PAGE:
Top cybersecurity VCs share how COVID-19 has changed investing
The coronavirus pandemic is, without doubt, the greatest challenge the world has faced in a generation. But the wheels of the world keep turning, albeit slower than during normal times.
But where the world has faced challenges, the cybersecurity industry remains largely unscathed. In fact, some cybersecurity businesses are doing better than ever because cybersecurity has emerged as one of the few constants we all need — even during a pandemic.
The vast majority of the global workforce is (or has been) working from home since the start of the lockdown, and the world had to quickly adjust. Tech companies pushed their technology and services to the cloud. Businesses had to shift from not just securing their office network but also preventing threats against their highly distributed employees working from their own homes. And, hackers are retooling their attacks to be coronavirus themed, making them far more likely to succeed.
All of these things — and more — need security. Or, as one investor told us: “Many of these trends were already underway, but COVID-19 is an accelerant.” That’s helped cybersecurity firms weather the storm of this pandemic.
We spoke to a dozen cybersecurity VCs to hear their thoughts on how COVID-19 has changed the investment landscape:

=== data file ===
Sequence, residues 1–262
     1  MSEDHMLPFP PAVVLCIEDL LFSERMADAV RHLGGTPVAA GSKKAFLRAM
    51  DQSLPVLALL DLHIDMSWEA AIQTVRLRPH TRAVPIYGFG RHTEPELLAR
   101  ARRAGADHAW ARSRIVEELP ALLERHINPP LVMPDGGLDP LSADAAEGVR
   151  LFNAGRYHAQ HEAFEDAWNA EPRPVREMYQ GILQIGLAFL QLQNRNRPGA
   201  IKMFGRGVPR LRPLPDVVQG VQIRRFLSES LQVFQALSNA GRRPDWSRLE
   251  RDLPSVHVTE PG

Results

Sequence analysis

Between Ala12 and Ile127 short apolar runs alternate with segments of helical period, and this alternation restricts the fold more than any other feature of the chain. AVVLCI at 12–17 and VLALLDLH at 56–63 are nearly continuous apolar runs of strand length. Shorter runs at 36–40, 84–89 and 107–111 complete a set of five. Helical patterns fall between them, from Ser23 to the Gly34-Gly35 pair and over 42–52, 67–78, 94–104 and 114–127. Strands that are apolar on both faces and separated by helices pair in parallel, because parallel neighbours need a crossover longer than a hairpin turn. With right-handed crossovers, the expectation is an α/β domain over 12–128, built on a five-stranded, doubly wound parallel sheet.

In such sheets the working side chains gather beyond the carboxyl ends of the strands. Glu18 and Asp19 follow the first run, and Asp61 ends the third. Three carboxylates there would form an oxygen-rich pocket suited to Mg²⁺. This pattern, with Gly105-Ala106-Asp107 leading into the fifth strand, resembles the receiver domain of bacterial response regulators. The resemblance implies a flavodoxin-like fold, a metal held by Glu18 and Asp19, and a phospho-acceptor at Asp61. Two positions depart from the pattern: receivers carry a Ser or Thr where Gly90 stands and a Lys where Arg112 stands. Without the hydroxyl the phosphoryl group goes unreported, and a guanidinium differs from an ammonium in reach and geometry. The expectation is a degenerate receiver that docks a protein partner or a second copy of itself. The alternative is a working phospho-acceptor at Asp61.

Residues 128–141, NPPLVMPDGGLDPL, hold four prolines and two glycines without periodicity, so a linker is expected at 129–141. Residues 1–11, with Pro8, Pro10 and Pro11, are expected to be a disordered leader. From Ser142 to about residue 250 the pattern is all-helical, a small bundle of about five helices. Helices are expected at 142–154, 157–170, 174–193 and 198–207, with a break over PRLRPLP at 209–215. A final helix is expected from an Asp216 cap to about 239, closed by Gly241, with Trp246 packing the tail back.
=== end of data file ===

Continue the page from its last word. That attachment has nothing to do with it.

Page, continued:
- Ariel Tseitlin, Scale Venture Partners
- Shardul Shah, Index Ventures
- Theresia Gouw and Mark Kraynak, Acrew Capital
- Niloofar Razi Howe, Energy Impact Partners
- Matt Bigge, Crosslink Capital
- Sarah Guo, Greylock Partners
- Deepak Jeevankumar, Dell Technologies Capital
- Umesh Padval, Thomvest Ventures
- Saam Motamedi, Greylock Partners
- Alex Doll, Ten Eleven Ventures
- Dharmesh Thakker, Battery Ventures
Here’s what they told us. (Answers have been edited for clarity.)
Ariel Tseitlin, Scale Venture Partners
Security budgets haven’t been affected nearly as much as broader IT spend. We continue to see existing portfolio companies raise follow-on financings, and we continue to meet with companies for new potential investments. The big change in my criteria for new investments is that a company must be able to continue growing in the current environment. We don’t know how long this downturn will last, so I don’t buy into the promise of “as soon as the economy recovers, growth will resume.”
Shardul Shah, Index Ventures
On Microsoft’s last earnings call, chief executive Satya Nadella said: “As COVID-19 impacts every aspect of our work and life, we have seen two years worth of digital transformation in two months.” This acceleration has actually created momentum for a number of cybersecurity businesses, which is why the best companies continue to draw significant interest from investors. I serve on the board of security firm Expel, which raised $50 million in the middle of this crisis.